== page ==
‘You’ve got to keep plugging away, reach people where you can’
Rising folk star Lisbee Stainton tells MALCOLM WYATT why Ribchester Village Hall matters just as much as the O2 Arena
Lisbee Stainton is barely 26 but already has four albums behind her and is attracting plenty of critical acclaim, not least through her work with award-winning folk artist Seth Lakeman.
But while she’s turning heads on the road and on record with her eight-string guitar sound and sweet vocals, you’d struggle to easily categorise her.
Of the music media, Mojo talked about Lisbee’s ‘slowly revolving rhythms, wistful English melancholy with a soul undertow, and a sweet folk-pop voice’.
Fellow magazine Maverick suggested she was ‘a unique genre-less artist who is slowly but surely making her global mark’. So is that fair praise?
“I don’t know, to be honest. I’ve had so many problems trying to describe my music.”
Okay, let’s try again. As a young female regularly mentioned in folk circles, I guess Lisbee gets compared to Kate Rusby a fair bit too.
“Well, yeah, and Joni Mitchell comes up a bit. I don’t see it personally, but I’m a huge fan of hers, so if that influence comes through, I’m very pleased with that.
“Usually, it’s people I love who are compared me to, those I listen to a lot, like Fleetwood Mac and Joan Baez. It’s lovely being compared to these artists. You could say nothing’s original in music, but you do strive to find something.”
Among those who mentioned Joni Mitchell was Paul Carrack, who took Lisbee on tour with him in 2011, while the Independent on Sunday spoke of ‘cultured folk pop’.
But whoever she’s compared to, Lisbee’s certainly a rising star, with fans and critics alike truly sitting up and taking notice.
“Yeah, it seems so. We’ve been gigging and writing, and it’s all really good.”
The ‘we’ suggests it’s not just Lisbee, and while her appearance at Ribchester Village Hall – the latest promotion from Carl Barrow’s Hollow Horse Events - is a solo show, there are band gigs too. And then there’s the work with Seth Lakeman.
This Hampshire-born artist has been writing songs since she was nine. Is there still space in the set for some of those formative efforts?
“Not the very first ones! They’re probably not good enough to be aired publically. But there are a couple I play which I wrote when I was 16 or so.”
Lisbee graduated in 2009 from the University of London with a degree in popular music, by which time she’d released her first album, Firefly. Two years earlier, at the age of 17, she became the first unsigned singer-songwriter to play London’s O2 Arena, performing two shows to 30,000 people.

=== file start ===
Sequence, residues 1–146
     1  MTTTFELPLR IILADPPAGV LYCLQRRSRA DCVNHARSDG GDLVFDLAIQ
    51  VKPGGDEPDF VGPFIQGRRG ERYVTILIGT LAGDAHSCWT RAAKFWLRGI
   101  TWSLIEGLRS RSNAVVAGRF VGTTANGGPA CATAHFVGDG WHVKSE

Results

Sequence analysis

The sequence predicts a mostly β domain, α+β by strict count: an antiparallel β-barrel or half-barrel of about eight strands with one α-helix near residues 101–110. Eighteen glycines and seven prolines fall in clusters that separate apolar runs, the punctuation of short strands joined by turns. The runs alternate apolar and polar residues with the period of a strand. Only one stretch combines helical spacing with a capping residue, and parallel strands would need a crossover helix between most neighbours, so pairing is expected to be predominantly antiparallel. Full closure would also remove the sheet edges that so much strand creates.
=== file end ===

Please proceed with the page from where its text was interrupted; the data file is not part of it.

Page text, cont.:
“It was a big variety show. I knew the producer, who said he was putting something together at the Millennium Dome and had one of my songs in mind.
“He said he would love me to come along and play it. It was a song called Follow, which I wrote when I was around 15.”
When new wave icon turned BBC 6Music presenter Tom Robinson asked Lisbee for a copy of her single Red after hearing it on her MySpace page, the ball really started rolling.
He described her on air as ‘a serious young talent’, with Red play-listed by BBC Radio 2 and followed by the release of second album Girl On An Unmade Bed, produced by Rupert Christie – known for past collaborations with U2, Green Day, Echo & the Bunnymen, and Lou Reed – and recorded at Abbey Road Studios.
A second single, Never Quite An Angel, was also play-listed by Radio 2, with the third, Just Like Me, BBC 6Music’s Radcliffe & Maconie Show’s record of the week.
Lisbee was soon brought to the attention of Joan Armatrading, who personally chose her as the main support act for an extensive UK and mainland Europe tour, including a sell-out at The Royal Albert Hall.
“That tour was amazing. It was the first I ever did, doing 76 dates with her around the UK, Europe and Scandinavia. “She’s a fantastic performer, and seasoned too – she knows what she’s doing. I learned a lot over those four months.”
Shortly after, Lisbee featured on BBC Radio 2’s In Concert before a 44-date headline European tour, and further supports with Tom Dice and The Mavericks’ Raul Malo.
In early 2011, Paul Carrack invited her to be the main support for his European tour, and her third album, Go, also received national acclaim, word spreading about Lisbee and her eight-string guitar sound.
So what’s the story with the guitar?
“I got it hand-made by a guy called Joe White, down in Surrey, who’d been sorting out my guitars for years.
“In my final year of university I’d been saving up for him to make me a 12-strong guitar. I turned up in his workshop and had a play around with a draft of the sort of eight-string I play now.